– Then there is the SAP Visual Composer for people who really know the business process, but aren’t programmers. As the title suggest, this tool has a visual interface where users simply drag and drop interface elements and define inputs and outputs. The corresponding Java code is created automatically. Experienced programmers are often amazed about how quickly they can develop iViews with this tool, compared to coding “by hand.”
– Finally, there is NetWeaver Developer Studio, which provides an environment for JAVA development based on the Eclipse platform. This environment includes the Web Dynpro tools for all kinds of applications and the Portal Development Kit. These tools will cover the most complex development needs and allow customers to benefit from all the advantages of the Web Dynpro approach (too much to cover here, but definitely worth checking out)
– Another great feature coming with NetWeaver ’04 is the ability to integrate Adobe Interactive Forms into portal content offers great potential for any iViews that are based on forms. What’s so cool about them is that changing these forms on the fly will be totally easy — no developers needed.

In addition, check out the downloads and code samples made available by other developers. You might consider these to be “utilities” that solve specific challenges other users have come across.

How should customers work with all these options? SAP recommends that customers start with any available pre-defined business packages and then extend that content with those tools that meet their needs and are the quickest and easiest to use. In practice, that means starting with the content administration wizards and editors, moving to SAP Visual Composer if additional capabilities — particularly around modeling business processes — are needed, and moving to the Development Studio if the Visual Composer is not sufficient or if no BAPIs are available. One issue customers should be aware of, though, is that code generated automatically in the background won’t be as flexible terms of changes as code created directly in Java. But then, as Confucius didn’t say, life is a trade-off.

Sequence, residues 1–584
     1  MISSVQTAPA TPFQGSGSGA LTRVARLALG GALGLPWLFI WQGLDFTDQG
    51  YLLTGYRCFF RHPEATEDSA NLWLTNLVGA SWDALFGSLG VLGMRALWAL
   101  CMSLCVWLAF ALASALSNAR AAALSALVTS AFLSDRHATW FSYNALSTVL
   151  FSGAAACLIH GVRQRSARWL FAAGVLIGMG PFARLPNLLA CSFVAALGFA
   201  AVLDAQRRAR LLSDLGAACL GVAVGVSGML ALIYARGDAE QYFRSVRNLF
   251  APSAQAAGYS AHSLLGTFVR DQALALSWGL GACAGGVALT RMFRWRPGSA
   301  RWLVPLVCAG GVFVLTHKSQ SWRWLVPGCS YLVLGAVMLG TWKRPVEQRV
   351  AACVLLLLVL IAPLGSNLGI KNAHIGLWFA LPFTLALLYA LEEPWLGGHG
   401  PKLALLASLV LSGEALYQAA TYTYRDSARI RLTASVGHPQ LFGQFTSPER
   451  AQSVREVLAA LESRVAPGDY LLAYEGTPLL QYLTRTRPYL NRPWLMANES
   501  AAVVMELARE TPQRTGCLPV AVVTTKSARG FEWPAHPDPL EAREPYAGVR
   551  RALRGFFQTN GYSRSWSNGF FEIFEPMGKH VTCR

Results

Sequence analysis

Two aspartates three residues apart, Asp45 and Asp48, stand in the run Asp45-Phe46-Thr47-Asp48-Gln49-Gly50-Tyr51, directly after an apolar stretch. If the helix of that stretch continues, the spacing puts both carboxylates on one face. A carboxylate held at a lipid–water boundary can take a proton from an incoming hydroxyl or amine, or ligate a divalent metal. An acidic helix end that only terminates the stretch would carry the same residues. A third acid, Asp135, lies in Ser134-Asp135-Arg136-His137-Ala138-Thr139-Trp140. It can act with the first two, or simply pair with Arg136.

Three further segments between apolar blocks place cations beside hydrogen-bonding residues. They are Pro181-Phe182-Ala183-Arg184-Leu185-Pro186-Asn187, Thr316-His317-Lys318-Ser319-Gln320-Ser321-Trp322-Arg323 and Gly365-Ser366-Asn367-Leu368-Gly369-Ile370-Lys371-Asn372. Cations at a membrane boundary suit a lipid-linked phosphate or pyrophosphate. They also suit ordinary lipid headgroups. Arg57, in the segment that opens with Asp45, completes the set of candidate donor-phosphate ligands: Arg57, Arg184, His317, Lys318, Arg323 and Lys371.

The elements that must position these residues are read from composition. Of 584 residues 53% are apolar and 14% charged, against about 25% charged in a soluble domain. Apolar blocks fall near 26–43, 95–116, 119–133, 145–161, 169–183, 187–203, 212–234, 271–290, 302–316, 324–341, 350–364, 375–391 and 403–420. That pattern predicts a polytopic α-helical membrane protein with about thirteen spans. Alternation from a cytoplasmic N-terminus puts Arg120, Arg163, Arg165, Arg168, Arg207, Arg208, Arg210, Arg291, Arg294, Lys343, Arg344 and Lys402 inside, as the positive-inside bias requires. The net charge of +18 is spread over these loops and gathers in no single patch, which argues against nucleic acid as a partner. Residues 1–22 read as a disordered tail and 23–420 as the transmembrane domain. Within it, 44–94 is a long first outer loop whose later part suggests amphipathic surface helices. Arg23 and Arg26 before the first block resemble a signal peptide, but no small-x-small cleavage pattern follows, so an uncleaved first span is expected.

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  1. Richard Hirsch
    You mention three target groups for your tools. Do you mean portal administrators, business analysts and developers? Should portal administrators really determine content based on the needs of the customer?
    I think this should be the job of the business analyst.
    1. Former Member Post author
      Yes, user needs are typically defined by business analysts and stakeholder groups during the needs analysis process.  Depending on what’s needed, the three groups then have access to tools for developing content based on those requirements. In addition to the initial content, having easy-to-use wizards in the content admin environment makes it possible for admins to be very responsive to user feedback; for example, a content admin could quickly satisfy user requests for access to external URLs or to a particular database.  Of course, the degree to which an organization wants its content admins to handle such requests has to be determined by each organization, but it’s well-suited to a model where different admins are responsible for the content needs of particular user groups, without creating an IT bottleneck.